Tickled Pink: Grandchildren are Grand Children
by Donna Lowich
The ring of the phone didn't wake me; it startled me. After all, you can't be awakened if you're not sleeping and I was much too excited to sleep. Who could sleep? I merely closed my eyes, anxious for the next few hours to pass. It was a momentous night in my life; some time this night, I would become a grandma!
My husband, Walter, picked up the phone. As we expected, it was Jeffrey. The doctor said the baby could be born any minute.
Any minute? After waiting at the hospital all day, we had come home for a while. We now had a thirty-minute drive back to the hospital. We panicked. Walt helped me to the car, barely able to speak. When we did finally speak, our rattled nerves gave way to conversation disguised as bickering.
"Walter, after all this, we're going to miss it."
"I'm going as fast as I can."
"Can't you go a little faster?" As Walter pressed on the accelerator, I let up on my insistence for the need for speed. "Uh, maybe you better slow down. Getting a ticket is not going to help -- Watch out, there's a stop sign coming up!"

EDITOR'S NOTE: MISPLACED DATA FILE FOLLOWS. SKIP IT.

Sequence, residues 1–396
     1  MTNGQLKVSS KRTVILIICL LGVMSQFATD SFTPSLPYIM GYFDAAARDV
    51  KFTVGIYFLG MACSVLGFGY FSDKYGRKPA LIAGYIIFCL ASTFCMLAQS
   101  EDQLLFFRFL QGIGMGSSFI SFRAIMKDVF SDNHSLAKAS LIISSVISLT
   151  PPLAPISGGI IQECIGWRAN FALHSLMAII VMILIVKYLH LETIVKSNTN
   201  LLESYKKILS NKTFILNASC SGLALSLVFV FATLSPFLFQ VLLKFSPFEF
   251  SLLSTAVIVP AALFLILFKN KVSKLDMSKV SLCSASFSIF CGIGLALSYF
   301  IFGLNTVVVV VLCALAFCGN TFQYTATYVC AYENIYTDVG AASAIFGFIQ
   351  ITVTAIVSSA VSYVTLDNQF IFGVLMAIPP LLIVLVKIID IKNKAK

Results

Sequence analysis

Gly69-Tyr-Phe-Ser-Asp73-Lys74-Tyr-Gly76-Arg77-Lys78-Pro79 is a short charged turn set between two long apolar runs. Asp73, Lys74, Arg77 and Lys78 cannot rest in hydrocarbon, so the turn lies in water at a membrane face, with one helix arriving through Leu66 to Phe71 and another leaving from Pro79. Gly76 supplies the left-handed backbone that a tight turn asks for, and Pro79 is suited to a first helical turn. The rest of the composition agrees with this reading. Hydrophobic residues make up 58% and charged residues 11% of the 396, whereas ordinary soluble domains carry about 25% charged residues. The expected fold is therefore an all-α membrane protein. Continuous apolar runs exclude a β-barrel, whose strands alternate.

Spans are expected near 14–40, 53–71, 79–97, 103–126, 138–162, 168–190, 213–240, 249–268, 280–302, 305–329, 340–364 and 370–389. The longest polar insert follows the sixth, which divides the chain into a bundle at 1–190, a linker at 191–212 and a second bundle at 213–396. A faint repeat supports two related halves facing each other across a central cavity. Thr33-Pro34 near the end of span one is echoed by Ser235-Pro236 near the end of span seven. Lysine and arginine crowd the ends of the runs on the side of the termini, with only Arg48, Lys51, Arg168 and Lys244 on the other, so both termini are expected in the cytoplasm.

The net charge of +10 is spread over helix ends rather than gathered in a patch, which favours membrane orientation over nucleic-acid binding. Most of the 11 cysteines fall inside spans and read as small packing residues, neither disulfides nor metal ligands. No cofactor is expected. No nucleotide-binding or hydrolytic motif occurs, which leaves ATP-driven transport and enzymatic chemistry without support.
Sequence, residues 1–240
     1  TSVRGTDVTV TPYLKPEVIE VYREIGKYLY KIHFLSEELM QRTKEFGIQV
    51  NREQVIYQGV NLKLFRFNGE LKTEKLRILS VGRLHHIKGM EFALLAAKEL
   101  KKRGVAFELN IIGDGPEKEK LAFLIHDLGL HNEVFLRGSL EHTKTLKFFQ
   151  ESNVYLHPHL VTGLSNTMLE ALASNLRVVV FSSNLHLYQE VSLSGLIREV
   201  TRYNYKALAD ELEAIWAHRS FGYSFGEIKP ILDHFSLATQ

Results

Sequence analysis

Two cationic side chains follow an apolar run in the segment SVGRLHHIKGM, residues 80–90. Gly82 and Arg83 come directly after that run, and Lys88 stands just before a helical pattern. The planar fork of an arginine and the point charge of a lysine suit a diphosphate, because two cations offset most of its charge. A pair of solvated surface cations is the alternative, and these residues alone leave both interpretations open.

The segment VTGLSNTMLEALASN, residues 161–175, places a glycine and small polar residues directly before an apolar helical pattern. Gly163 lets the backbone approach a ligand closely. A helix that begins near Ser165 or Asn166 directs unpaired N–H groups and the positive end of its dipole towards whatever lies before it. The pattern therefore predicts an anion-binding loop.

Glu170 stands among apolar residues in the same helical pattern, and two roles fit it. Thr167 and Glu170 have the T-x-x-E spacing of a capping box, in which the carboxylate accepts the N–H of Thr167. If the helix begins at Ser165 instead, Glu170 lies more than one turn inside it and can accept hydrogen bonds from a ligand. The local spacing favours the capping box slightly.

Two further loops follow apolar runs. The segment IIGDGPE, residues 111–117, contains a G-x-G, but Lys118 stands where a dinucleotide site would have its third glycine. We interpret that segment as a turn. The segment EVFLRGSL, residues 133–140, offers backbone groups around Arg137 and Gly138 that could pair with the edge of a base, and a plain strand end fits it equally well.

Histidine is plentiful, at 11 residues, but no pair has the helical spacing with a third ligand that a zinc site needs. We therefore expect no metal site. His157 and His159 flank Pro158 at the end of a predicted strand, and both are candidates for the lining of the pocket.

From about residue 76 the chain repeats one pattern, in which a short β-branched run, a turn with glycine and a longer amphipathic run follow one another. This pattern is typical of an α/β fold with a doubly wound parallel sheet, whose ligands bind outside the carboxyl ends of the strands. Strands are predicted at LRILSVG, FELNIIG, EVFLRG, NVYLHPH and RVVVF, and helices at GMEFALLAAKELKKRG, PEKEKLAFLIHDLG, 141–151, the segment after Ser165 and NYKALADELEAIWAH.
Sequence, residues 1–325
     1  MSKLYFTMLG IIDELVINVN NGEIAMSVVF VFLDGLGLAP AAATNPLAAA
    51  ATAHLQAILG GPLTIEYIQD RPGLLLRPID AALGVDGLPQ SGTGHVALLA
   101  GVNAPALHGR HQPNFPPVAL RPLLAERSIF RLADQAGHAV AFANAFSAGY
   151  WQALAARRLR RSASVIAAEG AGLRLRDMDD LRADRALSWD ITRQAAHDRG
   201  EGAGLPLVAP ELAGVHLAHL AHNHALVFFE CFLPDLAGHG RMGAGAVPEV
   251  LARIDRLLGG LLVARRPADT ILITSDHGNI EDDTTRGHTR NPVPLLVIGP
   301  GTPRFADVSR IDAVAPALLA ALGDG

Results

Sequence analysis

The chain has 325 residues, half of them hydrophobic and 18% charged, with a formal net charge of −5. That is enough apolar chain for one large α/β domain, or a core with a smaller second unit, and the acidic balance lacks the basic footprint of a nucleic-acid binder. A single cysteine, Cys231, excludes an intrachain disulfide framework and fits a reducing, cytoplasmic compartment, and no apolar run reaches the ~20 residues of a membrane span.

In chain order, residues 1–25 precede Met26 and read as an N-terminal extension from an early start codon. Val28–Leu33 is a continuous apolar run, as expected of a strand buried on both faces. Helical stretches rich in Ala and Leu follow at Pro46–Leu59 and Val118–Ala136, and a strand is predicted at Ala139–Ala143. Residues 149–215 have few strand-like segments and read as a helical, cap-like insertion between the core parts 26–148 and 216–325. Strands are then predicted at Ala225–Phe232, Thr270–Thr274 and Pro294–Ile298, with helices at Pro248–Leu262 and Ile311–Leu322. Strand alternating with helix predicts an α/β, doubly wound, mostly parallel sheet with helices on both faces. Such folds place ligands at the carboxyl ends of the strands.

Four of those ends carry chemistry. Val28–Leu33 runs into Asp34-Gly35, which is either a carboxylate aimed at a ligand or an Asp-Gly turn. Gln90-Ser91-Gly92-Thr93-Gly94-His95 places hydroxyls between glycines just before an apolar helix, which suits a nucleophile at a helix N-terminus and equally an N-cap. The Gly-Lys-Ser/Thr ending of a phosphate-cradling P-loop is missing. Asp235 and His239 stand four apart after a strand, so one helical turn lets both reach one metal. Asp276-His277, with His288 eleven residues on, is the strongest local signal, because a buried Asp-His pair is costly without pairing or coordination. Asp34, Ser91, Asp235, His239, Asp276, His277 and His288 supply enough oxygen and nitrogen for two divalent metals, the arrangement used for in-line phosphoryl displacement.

"I know. I can see it."
Walter shook his head but said nothing.
With a bit of creative driving, we made it to the maternity wing in about twenty minutes. As we got off the elevator, we saw Katie's parents and her sister and brother-in-law in the tiny waiting room.
Despite the doctor's prognostication, our baby was still deciding what time was the right time to enter this world.
Whew! For us, it was hurry-up-and-wait. As we waited, I kept thinking of my daughter-in-law, Katie and Jeff and what was happening just a short walk down the hall.
My thoughts were cut short as I began to receive sporadic text messages from Jeff: "waiting for the baby to drop a bit more."
And, bit later: "still waiting."
Then the messages stopped. Not sure what was happening, we began to "bet" on the baby's weight. Everyone, certain that she would be small (because of the doctor's prognostication) was placing her weight at five pounds plus a differing number of ounces.